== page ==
9. Communicate with stories and engaged customer advocates. Personal stories and testimonials are the best way to draw in customers and grow your business. Stories always trump marketing content for improving recollection and understanding. They help people remember in a way that numbers and text on a slide with a bar graph won’t.

  10. Provide value to the community, as well as customers. If you provide real value and give-back to the global community and employees, thus generating trust and loyalty, you will appeal to more customers. The result is the desired win-win situation, with more profits for your business, more satisfied customers, and happy employees at all levels.

  11. For example, Citi Bike is building themselves a great business by providing bicycles everywhere for sharing, but also is enhancing tourism and providing native New Yorkers with a fun and affordable new way to get around town.

The world of commerce has been forever altered by the growth of the world-wide Internet and pervasive mobile telecommunications. The customer and business universes are now globally and intimately connected. This means that all customers see relationships, culture, sharing, and social needs as part of their own world, and expect these to be part of every business focus.

Thus, as the new sharing economy challengers continue to evolve their new business models, the traditional incumbents will be smart to adapt, or forced out of the marketplace. It’s time to take a reading on where your business is in this spectrum. Are your company practices consistent with the ones outlined here, or are you still operating on yesterday’s model?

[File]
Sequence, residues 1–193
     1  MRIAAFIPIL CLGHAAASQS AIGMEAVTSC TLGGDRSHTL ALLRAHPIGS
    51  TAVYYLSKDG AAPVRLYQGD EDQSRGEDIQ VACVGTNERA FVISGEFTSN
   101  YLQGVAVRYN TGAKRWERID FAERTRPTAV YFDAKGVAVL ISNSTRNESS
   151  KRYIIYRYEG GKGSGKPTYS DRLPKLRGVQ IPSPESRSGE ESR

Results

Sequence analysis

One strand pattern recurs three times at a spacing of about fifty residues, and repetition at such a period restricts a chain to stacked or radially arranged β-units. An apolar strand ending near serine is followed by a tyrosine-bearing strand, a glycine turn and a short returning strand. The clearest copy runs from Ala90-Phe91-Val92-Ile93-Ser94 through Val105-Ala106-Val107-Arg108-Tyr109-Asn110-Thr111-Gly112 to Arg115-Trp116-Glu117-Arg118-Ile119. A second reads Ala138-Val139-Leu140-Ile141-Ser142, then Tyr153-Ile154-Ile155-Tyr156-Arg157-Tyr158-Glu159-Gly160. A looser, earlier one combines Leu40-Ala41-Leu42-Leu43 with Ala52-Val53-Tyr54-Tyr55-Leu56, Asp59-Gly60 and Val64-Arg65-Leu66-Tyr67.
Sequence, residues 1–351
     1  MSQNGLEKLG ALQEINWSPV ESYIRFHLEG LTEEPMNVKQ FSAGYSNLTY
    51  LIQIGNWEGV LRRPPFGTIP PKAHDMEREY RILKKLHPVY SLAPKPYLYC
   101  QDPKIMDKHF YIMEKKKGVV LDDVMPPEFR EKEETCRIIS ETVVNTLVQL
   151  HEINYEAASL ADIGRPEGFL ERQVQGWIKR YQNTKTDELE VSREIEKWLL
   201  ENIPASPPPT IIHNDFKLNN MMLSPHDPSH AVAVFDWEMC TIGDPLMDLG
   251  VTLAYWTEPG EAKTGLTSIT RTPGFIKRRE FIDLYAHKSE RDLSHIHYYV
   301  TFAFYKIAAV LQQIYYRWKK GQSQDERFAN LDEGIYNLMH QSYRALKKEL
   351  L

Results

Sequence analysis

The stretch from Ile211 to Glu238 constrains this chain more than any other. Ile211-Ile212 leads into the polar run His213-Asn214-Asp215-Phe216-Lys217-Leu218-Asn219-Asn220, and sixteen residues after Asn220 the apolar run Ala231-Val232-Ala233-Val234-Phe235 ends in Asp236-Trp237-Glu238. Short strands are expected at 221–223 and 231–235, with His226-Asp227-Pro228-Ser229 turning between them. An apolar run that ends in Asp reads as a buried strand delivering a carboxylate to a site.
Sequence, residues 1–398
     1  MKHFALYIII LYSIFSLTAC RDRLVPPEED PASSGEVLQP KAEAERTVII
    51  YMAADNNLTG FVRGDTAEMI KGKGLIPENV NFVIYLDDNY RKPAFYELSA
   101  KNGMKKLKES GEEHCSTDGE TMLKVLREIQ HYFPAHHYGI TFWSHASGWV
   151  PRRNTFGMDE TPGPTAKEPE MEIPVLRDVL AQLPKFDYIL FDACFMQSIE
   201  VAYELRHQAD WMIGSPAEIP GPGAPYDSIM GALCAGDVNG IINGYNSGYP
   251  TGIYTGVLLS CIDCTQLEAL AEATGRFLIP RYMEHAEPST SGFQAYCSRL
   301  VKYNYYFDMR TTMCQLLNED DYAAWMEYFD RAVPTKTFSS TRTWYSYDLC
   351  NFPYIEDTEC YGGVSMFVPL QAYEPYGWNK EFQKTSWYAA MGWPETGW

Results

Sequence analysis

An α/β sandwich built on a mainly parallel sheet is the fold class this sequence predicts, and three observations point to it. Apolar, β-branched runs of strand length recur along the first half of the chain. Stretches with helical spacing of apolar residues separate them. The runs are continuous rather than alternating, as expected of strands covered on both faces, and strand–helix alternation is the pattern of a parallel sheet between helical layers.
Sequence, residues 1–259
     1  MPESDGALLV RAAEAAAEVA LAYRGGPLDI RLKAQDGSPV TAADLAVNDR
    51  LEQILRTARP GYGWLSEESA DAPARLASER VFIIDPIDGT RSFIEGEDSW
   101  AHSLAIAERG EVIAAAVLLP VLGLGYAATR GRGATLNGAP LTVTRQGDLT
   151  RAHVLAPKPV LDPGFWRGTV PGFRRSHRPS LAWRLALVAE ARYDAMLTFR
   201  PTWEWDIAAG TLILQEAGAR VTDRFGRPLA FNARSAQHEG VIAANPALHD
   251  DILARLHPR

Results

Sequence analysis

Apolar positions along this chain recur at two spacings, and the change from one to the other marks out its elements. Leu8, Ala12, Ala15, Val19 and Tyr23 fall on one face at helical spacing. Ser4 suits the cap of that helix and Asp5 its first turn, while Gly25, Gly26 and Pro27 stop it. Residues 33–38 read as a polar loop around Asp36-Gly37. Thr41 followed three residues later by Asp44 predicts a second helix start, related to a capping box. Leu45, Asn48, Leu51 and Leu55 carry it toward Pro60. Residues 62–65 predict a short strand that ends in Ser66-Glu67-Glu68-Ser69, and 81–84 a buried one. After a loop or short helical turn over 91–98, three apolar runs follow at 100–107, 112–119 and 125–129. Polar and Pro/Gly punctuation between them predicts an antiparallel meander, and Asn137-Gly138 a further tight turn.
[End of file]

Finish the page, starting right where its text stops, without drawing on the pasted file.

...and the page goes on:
Marty Zwilling

*** First published on Inc.com on 05/22/2018 ***

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Sunday, June 3, 2018

8 Keys To Recharging Passion And Purpose In Business

Recharge-passion-and-purposeNew entrepreneurs routinely jump into a startup with a full charge of passion and energy, but often find themselves drained of both after a few months by the workload and challenges. As a result, burnout and loss of passion are consistently listed among the top causes of startup failure, according to many experts. The challenge is find ways to continually recharge along the way.

Of course, this same challenge extends well beyond the entrepreneur, into all walks of life and work. I found some great insights in the classic book, “Are You Fully Charged?” by human relations expert and bestselling author, Tom Rath, which explains well the three keys to energizing all your life pursuits. These keys are meaning, interactions, and energy.

Based on my experience working with early-stage startups, I agree with Guy Kawasaki, that those entrepreneurs who set out to make meaning in the world (a positive change) create the companies that will most likely be successful. I have paraphrased Rath’s eight recommendations on making meaning as key focus principles that every new entrepreneur should take to heart:

  1. Create meaning with small wins. Celebrate small wins by asking yourself what can you do today to make a difference? Real meaning is made up of many small differences, such as a design breakthrough, new business model, a truly satisfied customer, or an excited team member. Take a moment to enjoy each of these and get recharged.